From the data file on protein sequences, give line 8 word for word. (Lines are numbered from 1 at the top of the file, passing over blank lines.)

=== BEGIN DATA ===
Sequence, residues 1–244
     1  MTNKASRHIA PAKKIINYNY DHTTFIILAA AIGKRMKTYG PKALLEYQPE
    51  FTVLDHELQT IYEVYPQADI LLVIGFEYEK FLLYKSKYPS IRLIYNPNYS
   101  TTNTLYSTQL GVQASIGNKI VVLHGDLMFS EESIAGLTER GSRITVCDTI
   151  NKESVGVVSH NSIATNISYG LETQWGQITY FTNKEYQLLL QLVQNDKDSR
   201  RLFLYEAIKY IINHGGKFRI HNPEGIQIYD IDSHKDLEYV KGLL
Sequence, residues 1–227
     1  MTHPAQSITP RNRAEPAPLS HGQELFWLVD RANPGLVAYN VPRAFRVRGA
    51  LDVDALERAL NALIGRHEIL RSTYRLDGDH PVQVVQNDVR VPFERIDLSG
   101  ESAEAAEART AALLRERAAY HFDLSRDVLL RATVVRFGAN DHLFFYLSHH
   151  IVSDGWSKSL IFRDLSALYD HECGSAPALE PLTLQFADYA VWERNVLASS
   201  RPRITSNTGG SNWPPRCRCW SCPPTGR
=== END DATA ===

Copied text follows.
     1  MTHPAQSITP RNRAEPAPLS HGQELFWLVD RANPGLVAYN VPRAFRVRGA